Cerner’s Population Health platform, HealtheIntent, brings together the world’s healthcare data to derive the complete picture of a person’s health. This means normalizing and standardizing healthcare data from a variety of source systems, including electronic medical records, physician ordering systems, and even payer billing and claims systems.
The HealtheIntent platform grew up as a batch system. Most of the processing occurred hourly. Some data even landed only daily or monthly. While there were some technical and operational challenges, the batch world was (mostly) forgiving and (mostly) predictable. Then everything changed.
Over the last year, Cerner has shifted its Hadoop data processing pipeline to a streaming one using Storm and Kafka. The change was born out of a need to have a near-real-time system, so the decision to shift the architecture was easy. In terms of the impact to the design and the code, on the surface the change seemed straightforward, but in the end, it required that the team rethink everything: support, monitoring, alerting, performance measurement, and even team structure and associate onboarding. Michelle Brush shares the lessons learned executing a large-scale architectural migration and provides advice on how to minimize the impact.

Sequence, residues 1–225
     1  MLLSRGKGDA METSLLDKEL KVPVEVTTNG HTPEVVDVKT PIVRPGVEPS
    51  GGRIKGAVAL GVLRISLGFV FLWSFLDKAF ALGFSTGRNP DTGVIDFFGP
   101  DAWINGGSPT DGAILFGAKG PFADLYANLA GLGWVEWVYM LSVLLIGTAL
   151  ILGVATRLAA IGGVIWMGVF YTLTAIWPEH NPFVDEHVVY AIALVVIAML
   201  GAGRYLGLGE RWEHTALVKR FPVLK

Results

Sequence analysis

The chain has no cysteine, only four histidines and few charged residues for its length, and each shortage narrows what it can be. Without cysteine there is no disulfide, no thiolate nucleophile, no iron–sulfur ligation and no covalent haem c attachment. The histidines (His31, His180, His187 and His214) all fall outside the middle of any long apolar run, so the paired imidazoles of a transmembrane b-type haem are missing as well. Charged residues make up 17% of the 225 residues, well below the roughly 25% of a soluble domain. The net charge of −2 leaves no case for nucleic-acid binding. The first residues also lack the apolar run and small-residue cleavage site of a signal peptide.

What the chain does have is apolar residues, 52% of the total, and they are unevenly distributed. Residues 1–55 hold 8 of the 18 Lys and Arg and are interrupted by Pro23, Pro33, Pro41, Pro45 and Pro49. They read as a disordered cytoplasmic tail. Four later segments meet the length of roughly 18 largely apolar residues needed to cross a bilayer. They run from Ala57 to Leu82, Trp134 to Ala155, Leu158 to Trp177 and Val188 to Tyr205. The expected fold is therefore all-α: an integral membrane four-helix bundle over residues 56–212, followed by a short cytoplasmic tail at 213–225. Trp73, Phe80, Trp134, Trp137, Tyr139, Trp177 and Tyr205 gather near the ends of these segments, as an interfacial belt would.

Michelle Brush is a math geek turned computer geek with 15 years of software development experience. Michelle has developed algorithms and data structures for search, compression, and data mining in embedded as well as enterprise systems. In her current role as an engineering director for Cerner Corporation, Michelle leads teams that develop the platform for ingesting stream and batch data specific to Cerner’s Population Health solutions. She is also the chapter leader for the Kansas City chapter of Girl Develop It and one of the conference organizers for Midwest.io.
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